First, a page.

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Lolo National Forest is in western Montana. With boundaries stretching from the Swan Range in the northeast to the Idaho border, an area 120 miles long and 40 to 80 miles wide, the forest embraces about 2,100,000 acres. Although the Lolo is an important timber producer, many of its south-facing slopes are open and grassy. It also is one of the principal elk areas in western Montana.
Wilderness areas within the forest include the 33,000-acre Rattlesnake National Recreation Area and Wilderness as well as Welcome Creek and portions of Scapegoat.
Recreational opportunities abound on 3,500 miles of streams, including Rock Creek, a haven for trout-fishing enthusiasts. Approximately 485 species of fish and wildlife inhabit the forest, which has numerous camping and/or picnic sites and 1,780 miles of hiking trails; winter activities include downhill and cross-country skiing, snowmobiling along 360 miles of designated trails and ice fishing. Some recreation facilities are designed for physically impaired access; inquire at a ranger station.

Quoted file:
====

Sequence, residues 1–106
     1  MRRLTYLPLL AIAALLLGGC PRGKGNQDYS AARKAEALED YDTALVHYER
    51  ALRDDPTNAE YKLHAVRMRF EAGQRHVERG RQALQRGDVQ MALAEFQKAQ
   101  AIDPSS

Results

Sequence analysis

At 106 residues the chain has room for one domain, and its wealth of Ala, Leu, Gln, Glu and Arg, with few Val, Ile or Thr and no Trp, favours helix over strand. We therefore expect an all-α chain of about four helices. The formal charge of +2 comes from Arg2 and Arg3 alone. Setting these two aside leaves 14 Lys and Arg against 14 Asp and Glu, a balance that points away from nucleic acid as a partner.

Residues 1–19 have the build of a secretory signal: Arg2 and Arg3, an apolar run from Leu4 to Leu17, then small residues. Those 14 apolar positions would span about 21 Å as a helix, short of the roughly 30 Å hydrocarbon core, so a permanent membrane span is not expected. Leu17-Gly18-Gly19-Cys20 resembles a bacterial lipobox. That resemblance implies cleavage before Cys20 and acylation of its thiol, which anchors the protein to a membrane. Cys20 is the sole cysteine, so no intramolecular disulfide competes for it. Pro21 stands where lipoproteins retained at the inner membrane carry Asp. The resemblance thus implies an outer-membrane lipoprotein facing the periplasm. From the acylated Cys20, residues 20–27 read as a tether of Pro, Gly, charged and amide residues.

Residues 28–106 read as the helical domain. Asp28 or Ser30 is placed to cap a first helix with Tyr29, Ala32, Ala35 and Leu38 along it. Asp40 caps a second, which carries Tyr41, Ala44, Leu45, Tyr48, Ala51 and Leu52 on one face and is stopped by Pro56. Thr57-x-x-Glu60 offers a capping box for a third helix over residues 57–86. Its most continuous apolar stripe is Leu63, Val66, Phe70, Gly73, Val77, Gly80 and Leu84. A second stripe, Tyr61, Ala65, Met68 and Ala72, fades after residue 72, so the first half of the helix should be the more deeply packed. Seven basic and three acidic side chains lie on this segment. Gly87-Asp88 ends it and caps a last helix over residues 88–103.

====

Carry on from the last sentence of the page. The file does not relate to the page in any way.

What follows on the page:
The forest has five offices: the Ninemile Ranger Station in Huson; the Missoula Ranger Station at Fort Missoula; and stations in the outlying districts of Seeley Lake, Superior and Plains/Thompson Falls.
For further information, contact Lolo National Forest, 24 Fort Missoula Rd., Missoula, MT 59804; phone (406) 329-3750.
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Current Location: Lolo National Forest, Montana